The crucial role of folate in the biosynthesis of precursors for DNA suggests that folate requirements may vary with age, though folate use is most obviously increased during pregnancy and lactation. Maintaining adequate folate status in women in their child-bearing years is particularly important since a large proportion of pregnancies are unplanned and many women are likely to be unaware of their pregnancy during the first crucial weeks of fetal development. Pregnancy requires an increase in folate supply that is large enough to fulfil considerable mitotic requirements related to fetal growth, uterine expansion, placental maturation, and expanded blood volume. The highest prevalence of poor folate status in pregnant women occurs among the lowest socioeconomic groups and is often exacerbated by the higher parity rate of these women. Indeed, the megaloblastic anemia commonly found amongst the malnourished poor during pregnancy probably reflects the depletion of maternal stores to the advantage of the fetal-placental unit, as indicated by the several-fold higher serum folate levels in the newborn compared with the mother. Considerable evidence indicates that maternal folate deficiency leads to fetal growth retardation and low birth weight. The higher incidence of low-birth-weight infants among teenage mothers compared with their adult counterparts is probably related to the additional burden that adolescent growth places on folate resources.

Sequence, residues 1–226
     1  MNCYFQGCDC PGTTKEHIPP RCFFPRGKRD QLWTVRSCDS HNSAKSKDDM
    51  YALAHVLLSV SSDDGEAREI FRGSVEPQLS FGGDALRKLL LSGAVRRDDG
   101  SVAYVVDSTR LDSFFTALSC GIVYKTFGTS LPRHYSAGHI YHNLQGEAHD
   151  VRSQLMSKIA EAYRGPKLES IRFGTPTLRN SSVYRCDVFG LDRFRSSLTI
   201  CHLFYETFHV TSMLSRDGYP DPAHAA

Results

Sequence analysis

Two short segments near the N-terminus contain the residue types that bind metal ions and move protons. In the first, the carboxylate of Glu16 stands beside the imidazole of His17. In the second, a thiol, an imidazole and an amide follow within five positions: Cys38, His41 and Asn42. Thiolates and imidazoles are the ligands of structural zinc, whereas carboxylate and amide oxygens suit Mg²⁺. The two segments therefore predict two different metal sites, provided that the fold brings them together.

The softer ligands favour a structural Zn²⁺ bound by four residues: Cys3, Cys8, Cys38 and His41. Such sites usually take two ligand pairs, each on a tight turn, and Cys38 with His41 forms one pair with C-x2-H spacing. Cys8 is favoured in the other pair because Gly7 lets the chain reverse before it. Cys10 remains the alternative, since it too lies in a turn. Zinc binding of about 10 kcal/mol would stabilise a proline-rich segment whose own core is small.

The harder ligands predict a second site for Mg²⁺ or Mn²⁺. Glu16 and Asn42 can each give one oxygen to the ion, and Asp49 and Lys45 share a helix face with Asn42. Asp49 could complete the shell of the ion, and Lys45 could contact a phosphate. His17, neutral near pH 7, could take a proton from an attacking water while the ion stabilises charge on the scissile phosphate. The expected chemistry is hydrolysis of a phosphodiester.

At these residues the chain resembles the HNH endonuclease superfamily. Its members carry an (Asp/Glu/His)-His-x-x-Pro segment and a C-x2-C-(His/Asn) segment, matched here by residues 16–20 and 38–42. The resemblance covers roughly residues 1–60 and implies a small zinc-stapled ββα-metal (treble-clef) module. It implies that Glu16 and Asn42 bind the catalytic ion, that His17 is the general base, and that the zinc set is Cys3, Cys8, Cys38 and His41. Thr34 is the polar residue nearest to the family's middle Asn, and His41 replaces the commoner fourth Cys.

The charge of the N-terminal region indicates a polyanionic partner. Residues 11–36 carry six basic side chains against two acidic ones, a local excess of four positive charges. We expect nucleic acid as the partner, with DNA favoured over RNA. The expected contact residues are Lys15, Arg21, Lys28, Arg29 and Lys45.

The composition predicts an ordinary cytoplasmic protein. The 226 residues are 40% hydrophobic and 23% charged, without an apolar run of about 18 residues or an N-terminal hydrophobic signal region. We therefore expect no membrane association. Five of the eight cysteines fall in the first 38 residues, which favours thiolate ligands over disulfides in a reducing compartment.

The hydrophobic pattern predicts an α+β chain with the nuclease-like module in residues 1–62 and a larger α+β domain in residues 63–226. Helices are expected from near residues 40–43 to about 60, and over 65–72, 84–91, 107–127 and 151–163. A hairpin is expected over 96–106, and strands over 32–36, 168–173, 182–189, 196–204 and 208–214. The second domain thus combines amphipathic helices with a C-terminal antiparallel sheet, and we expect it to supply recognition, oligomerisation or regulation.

The lack of hard evidence about the extent of supplementation required in pregnancy prompted the development of a laboratory-based assessment of metabolic turnover, which involved the assay of total daily folate catabolites (along with intact folate) in the urine of pregnant women. The rationale of the procedure was that this catabolic product represents an ineluctable daily loss of folate, the replacement of which should constitute the daily requirement. Correcting for individual variation in catabolite excretion and the bioavailability of dietary folate, the recommended allowances based on this mode of assessment are in close agreement with the latest recommendations of the USA/Canada and FAO/WHO. The data produced by the catabolite-excretion method may provide a useful adjunct to current methods based on intakes, clinical examination, and blood folate measurements to provide a more accurate assessment of requirement.

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